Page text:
So what has changed since Tuesday? Well, the rebels are getting pushed back, and the chances of their success have diminished.
Despite what the President told the nation Tuesday, this mission is falling apart. In my view, Sestak has come to realize its failure jeopardizes Obama's reelection chances, and as a result, the politics of the incursion have taken a front seat to the soundness of the operation.
Let's review what he told Schultz: "If I were President Obama at this moment, I would recognize that the success of the United States policy actually has come to be the removal of Gaddafi. It's how it is perceived and it is the reality. Therefore, I would recognize that unless you accept that we go to war for political objectives, and that objective must have military means matched to it."
The success of U.S. policy is perceived as the removal of Gaddafi. That may not have been the original intent, but that's the reality now. Anything less, and Obama has failed. As such, in Sestak's view, the President needs to match his political objectives with military means.
The Admiral also tipped his hand by saying, "If I were president now and, by the way, if somebody else became president for a moment, I think he should just not do this. But if I were the President, having led us this far..."
What that means is that if an election was held today, and Obama lost, the new president shouldn't do what Sestak's recommending. However, because the current White House resident got us into this mess, he has to get us out or he indeed will lose in November 2012.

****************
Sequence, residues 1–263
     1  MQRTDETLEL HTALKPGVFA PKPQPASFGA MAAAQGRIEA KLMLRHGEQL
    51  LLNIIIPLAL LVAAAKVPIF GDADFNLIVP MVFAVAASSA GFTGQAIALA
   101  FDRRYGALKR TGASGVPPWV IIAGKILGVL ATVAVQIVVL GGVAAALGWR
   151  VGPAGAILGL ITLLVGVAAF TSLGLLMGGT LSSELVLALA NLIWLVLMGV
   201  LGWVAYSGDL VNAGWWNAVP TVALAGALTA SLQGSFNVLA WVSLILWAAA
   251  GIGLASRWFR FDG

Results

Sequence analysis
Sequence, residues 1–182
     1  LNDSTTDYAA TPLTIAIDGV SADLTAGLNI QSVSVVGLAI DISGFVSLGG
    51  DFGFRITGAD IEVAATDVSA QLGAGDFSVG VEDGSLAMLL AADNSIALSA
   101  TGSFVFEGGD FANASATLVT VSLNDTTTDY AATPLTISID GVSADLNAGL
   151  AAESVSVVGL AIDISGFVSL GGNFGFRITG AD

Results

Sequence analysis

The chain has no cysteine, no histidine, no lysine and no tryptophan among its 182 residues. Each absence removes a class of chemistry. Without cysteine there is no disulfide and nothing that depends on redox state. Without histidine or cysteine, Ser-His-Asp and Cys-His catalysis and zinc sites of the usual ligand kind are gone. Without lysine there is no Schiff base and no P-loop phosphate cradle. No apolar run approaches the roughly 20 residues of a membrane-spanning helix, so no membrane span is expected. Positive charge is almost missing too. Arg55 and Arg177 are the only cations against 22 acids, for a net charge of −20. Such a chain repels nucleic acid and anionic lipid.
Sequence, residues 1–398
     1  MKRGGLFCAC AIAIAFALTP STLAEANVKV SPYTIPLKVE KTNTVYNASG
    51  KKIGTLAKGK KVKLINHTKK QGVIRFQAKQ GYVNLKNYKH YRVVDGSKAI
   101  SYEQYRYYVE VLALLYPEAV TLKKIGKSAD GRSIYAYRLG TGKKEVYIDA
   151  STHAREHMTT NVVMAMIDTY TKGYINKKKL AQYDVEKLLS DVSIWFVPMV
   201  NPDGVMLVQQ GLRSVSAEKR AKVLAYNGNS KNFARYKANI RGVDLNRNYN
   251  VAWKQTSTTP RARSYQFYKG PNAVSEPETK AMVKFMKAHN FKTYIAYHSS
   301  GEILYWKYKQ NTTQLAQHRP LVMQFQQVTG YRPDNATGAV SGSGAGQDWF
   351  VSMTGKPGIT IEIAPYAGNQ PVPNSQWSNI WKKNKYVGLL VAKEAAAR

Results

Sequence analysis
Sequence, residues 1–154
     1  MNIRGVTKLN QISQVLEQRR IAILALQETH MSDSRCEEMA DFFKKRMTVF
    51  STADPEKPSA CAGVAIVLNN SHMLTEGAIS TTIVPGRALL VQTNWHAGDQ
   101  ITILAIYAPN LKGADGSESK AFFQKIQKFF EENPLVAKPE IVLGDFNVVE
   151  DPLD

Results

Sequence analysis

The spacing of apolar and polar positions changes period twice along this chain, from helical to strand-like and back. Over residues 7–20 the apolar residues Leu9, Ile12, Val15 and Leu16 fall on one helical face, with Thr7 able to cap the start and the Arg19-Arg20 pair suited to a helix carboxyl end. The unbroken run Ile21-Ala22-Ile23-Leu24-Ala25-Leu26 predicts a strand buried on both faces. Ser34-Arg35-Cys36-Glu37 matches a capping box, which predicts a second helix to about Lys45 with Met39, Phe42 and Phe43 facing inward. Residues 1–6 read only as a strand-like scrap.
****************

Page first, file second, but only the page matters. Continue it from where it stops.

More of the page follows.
In order for Obama to prevent such an outcome, he must accomplish what is now perceived by the public as the goal of this operation - removing Gaddafi. And if that requires boots on the ground, so be it.
Scary stuff, for it appears that one mistake made roughly two weeks ago may end up being compounded all for political reasons.
If this is indeed the case, we will likely see other key Democrats support expanding this mission in the coming days and weeks, for their political future rests on Obama's reelection as well.
In the end, America may not have wanted a third war, but it suddenly seems apparent that's exactly what it's getting.